Connor Loyd is a movie critic for the Samford Crimson. The views expressed in this opinion article do not necessarily reflect the views of the Samford Crimson or Samford University.
I’m currently in my senior year as a journalism major here at Samford University. Until very recently, I had never actually seen “All the President’s Men,” one of the quintessential journalism movies (along with “Citizen Kane,” which I have also never seen). Luckily, I remedied half of this monumental oversight just the other night when I decided to finally sit down and watch this classic 70s political thriller, and I’m very glad that I did.
The plot follows Bob Woodward and Carl Bernstein, two reporters for the Washington Post, as they struggle to unravel and understand the confusing, secretive conspiracy hovering over Washington. This Watergate conspiracy would eventually lead to President Nixon’s resignation and forever alter the way the American people view the Oval Office and politics in general. It was a major turning point in recent U.S. history, and watching a movie which made just a few short years after the actual events sets you back into that time period in a way most historical dramas of the present struggle to.
One detail I really appreciated in the dialogue and the way the actors deliver it was that the characters genuinely talk like real people. This aspect of the film’s performances is particularly noticeable with Dustin Hoffman’s portrayal of Bernstein, who speaks and stutters his way through the film in a manner which makes it feel like he isn’t even acting at all. But Hoffman is far from the only actor who pulls off this verisimilitude. The film is packed with performances peppered with these little imperfections in speaking we all experience and recognize, but almost never see in movies. These people feel real (and yes, I know they are based on real people).
And this immersion and attention to detail goes beyond just dialogue. Robert Redford’s Woodward makes little notes and doodles when collecting info on a story in the same way that I do. These little details go a long way towards both endearing you to the characters and making you feel like they are more than just actors on camera.
This movie touched base with the part of myself that truly loves working in journalism. It showcased the good it can do and the important role the free press has in maintaining and upholding democracy. It’s impressive to have a movie with so much suspense and intrigue that contains no shootouts or car chases, just smart people using their heads to figure out a tough situation and going up against powerful enemies, many of whom you never actually see on-screen.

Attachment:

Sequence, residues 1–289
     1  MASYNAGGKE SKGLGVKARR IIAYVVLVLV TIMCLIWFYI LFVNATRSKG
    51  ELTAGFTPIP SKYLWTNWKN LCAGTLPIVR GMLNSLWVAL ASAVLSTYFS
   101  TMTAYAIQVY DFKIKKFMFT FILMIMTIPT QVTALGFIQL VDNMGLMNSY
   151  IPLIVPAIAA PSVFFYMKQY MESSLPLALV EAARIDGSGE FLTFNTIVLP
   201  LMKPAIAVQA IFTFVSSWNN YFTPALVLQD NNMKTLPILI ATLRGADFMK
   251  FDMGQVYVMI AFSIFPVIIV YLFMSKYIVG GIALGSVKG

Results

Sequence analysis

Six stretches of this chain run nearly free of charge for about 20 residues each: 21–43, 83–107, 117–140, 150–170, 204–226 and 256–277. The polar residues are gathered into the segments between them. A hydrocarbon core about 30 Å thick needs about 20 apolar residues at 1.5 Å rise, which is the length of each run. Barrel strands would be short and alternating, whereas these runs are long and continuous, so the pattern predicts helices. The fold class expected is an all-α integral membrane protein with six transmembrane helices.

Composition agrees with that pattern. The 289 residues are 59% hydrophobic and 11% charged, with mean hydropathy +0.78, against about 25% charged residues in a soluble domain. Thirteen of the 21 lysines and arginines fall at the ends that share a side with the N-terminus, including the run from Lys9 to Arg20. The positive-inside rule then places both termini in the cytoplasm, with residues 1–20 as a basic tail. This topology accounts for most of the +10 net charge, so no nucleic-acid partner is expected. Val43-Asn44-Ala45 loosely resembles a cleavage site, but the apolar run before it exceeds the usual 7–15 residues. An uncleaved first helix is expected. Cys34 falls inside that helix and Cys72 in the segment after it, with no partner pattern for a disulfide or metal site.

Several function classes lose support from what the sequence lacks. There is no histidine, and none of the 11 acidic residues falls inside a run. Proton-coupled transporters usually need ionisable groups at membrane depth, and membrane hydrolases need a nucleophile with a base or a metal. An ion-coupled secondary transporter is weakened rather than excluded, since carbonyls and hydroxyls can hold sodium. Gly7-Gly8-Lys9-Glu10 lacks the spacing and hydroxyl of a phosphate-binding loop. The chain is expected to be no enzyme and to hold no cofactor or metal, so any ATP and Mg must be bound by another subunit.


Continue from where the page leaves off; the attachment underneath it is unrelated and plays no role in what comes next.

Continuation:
And though not intentional at the time it was produced, the movie is also great at demonstrating some of the difficulties that came with analogue reporting and investigating. The reporters of this film use typewriters and comb through physical records, they flip through phone books and travel door-to-door hoping to find somebody who will speak to them about what’s really been going on. At the time of its filming, this is just how all reporting was conducted, but looking back at it now, you can truly appreciate the effort to which these reporters would go to see a story through.
The script was written by William Goldman, a massively talented and influential writer of both novels and screenplays. He wrote “The Princess Bride,” a personal favorite of mine, and he helped mentor Aaron Sorkin, another screenwriter whose work I really enjoy.
A part of me wishes that the movie had covered the entirety of the Post’s Watergate coverage, going all the way through to Nixon’s resignation. Goldman said that discarding the second half of the book was a crucial decision he made while writing the film, and I understand why he chose not to cover the entire thing. The story works well with what they included. Including the entire story would have either ruined the pacing of the film or forced a very long and mostly static third act.
Additionally, the sound design in the film is phenomenal. That isn’t the kind of thing one usually would notice when watching most movies, but the attention and care that was put into the way the movie sounds is impressive. Every noise has punch, is crisp and clear and it puts you right in the room with the characters.